That brings me to a question…or rather a retelling of some things that I am hearing a lot in NYC. This morning, I stopped by the local bodega to get a drink and some lunch. Around here, I've adopted the custom of calling every shop keeper "boss." My mom asked me why I did this and suggested that it was pejorative. They usually call me "brother." I decided that I needed to start asking names. I asked the bodega guy who was making my sandwich what his name was. He said his name is Ali. I asked if he had ever seen the Disney movie, Aladdin, and I started singing "It is he, fabulous he, the famous Ali, Ali Ababwa."
He laughed and said he had never heard of it. I asked if he had kids, that they had probably seen it or would like it. He said he had kids, but they weren't here. I asked what he meant. He explained that his kids are home with his wife in Yemen. I asked if he skypes with them or flies home to see them often. Ali said he was just happy to work his 16 hours a day to make sure that they get food, education and a good job. He doesn't talk to them or see them.
This saddened me. I know how important my nieces and nephews are to me and my family. I can't imagine their parents never seeing or talking to them. Some of this is cultural, I'm sure, but I can't help but imagine how painful this would be for me or my family. For Ali, it seems like it is just the way things are. I have heard similar stories from many people living in my neighborhood. There are so many people working here in the city, and in the U.S. who just are trying to make enough money for their family to survive, be it here or abroad.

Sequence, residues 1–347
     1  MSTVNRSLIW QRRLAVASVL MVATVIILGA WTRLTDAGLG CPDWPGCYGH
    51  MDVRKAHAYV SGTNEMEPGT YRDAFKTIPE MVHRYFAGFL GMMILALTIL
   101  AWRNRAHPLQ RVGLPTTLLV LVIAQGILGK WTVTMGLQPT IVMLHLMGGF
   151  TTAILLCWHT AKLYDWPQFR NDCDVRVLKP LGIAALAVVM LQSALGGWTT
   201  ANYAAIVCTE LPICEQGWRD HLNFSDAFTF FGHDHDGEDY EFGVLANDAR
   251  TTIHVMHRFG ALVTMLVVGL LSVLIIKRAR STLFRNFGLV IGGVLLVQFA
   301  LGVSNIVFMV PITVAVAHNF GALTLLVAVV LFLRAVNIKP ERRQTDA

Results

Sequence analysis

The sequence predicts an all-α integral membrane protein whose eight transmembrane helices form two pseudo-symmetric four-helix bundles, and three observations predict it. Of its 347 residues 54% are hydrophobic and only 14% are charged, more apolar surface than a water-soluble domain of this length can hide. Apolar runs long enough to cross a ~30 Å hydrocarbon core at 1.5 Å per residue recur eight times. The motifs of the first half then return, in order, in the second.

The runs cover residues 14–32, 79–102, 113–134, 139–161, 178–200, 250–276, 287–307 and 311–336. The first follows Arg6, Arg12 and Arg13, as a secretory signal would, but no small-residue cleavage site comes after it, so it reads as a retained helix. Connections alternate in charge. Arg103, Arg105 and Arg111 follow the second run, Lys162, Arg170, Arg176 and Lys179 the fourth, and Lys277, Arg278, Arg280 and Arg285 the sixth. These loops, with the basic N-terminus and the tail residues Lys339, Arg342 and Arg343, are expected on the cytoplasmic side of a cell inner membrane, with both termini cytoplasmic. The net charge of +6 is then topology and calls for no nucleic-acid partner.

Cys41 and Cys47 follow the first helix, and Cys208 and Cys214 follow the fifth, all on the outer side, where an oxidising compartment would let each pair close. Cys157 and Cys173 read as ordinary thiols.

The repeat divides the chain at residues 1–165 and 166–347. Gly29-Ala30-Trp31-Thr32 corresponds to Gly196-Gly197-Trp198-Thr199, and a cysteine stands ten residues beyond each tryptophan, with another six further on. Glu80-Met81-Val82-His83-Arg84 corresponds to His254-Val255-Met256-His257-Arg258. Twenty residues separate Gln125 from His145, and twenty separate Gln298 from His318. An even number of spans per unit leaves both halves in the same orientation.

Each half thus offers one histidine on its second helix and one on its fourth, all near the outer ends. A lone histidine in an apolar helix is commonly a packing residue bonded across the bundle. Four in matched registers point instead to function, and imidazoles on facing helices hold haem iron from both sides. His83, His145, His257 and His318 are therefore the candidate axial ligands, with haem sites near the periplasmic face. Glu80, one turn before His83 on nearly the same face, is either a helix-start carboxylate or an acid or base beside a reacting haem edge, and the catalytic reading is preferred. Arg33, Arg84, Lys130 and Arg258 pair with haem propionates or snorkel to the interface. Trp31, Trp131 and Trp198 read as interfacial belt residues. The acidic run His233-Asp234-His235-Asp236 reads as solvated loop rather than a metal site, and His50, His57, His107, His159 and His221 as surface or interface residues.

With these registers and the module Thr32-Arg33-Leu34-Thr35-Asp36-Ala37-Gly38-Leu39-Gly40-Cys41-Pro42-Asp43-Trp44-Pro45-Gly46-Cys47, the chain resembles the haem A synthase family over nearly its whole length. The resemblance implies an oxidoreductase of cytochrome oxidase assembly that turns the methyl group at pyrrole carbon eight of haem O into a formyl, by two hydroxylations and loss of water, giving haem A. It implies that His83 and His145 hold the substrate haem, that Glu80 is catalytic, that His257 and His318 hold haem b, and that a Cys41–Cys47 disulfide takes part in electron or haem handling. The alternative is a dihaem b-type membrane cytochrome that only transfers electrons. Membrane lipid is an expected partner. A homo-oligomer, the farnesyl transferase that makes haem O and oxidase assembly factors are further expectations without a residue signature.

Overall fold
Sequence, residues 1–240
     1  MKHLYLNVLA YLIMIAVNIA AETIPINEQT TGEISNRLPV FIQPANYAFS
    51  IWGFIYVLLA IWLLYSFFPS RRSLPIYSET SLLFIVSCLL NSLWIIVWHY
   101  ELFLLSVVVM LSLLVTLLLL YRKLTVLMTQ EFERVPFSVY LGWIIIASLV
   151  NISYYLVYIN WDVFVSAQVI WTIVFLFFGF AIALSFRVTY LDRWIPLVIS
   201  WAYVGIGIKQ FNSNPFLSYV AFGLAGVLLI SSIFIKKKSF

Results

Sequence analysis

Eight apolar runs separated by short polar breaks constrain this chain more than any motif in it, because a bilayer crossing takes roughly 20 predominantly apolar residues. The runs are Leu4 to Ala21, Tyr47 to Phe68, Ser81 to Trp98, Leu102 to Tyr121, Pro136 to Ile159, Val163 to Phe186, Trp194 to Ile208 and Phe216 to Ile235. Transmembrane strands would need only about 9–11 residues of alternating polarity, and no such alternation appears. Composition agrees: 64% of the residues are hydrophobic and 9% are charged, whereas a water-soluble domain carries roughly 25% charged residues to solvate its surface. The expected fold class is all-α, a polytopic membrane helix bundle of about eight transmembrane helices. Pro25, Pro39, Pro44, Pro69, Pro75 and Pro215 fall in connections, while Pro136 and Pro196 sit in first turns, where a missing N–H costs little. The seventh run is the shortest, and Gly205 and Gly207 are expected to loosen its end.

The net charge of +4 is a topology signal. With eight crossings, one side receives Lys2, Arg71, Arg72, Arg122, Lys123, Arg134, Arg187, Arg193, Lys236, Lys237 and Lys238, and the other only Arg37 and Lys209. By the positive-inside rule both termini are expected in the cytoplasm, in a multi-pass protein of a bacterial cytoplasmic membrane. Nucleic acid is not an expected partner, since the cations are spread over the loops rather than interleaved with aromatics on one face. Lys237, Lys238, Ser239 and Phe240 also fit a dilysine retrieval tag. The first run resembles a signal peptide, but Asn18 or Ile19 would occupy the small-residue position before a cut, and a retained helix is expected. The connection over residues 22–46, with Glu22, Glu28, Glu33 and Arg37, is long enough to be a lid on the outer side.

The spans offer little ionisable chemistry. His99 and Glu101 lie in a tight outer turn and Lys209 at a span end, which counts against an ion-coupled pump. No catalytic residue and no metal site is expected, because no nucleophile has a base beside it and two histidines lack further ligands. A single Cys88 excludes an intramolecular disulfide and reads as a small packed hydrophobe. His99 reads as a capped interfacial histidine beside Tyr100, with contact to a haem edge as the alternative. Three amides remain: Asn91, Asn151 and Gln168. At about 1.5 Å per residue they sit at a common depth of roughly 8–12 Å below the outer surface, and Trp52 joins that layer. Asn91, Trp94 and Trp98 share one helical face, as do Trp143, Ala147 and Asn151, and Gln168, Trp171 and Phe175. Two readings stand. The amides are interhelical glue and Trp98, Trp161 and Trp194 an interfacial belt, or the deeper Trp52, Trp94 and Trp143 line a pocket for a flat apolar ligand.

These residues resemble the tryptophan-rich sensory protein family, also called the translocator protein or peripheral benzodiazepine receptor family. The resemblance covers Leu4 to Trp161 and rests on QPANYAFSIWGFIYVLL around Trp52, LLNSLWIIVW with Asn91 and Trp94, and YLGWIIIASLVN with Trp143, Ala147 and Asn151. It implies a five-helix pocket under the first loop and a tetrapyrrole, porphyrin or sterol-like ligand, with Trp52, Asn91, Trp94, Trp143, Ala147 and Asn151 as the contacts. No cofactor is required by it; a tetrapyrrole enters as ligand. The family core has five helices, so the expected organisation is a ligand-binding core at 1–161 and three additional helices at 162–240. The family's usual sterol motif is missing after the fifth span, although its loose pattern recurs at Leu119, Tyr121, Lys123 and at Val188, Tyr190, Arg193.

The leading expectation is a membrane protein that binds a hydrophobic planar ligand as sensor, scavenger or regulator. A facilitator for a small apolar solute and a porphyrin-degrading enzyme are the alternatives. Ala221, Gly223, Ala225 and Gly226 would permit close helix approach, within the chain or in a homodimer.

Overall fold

I pondered that as I walked across the street to buy dessert from the new coffee shop that I'm trying to support on my block. Kim, the owner, asked about David and if we had set a date. She suggested keeping the wedding here in NYC, but we are really hoping to get married in Rochester, NY. Kim asked if I knew of any apartments opening up in the neighborhood. The only one she was interested in has been assigned to a broker. For those of you who aren't familiar with this model, that means that a real estate agent is the only person who can rent the apartment. Not only do you have to pay a first month's rent and a security deposit, but also the equivalent of a month's rent in a broker's fee. That means that the average one bedroom in Brooklyn will cost you $5,400 just in first months rent. You don't get the broker fee back, so it's a sunk cost. This city sure is expensive. I lucked out when I rented my place in that the landlord paid the broker fee.
My muffins tasted even better today, although I won't put as much ground clove spice in next time.
Hug your loved ones today, because not everyone gets to hug theirs every day when they are working so hard to survive.
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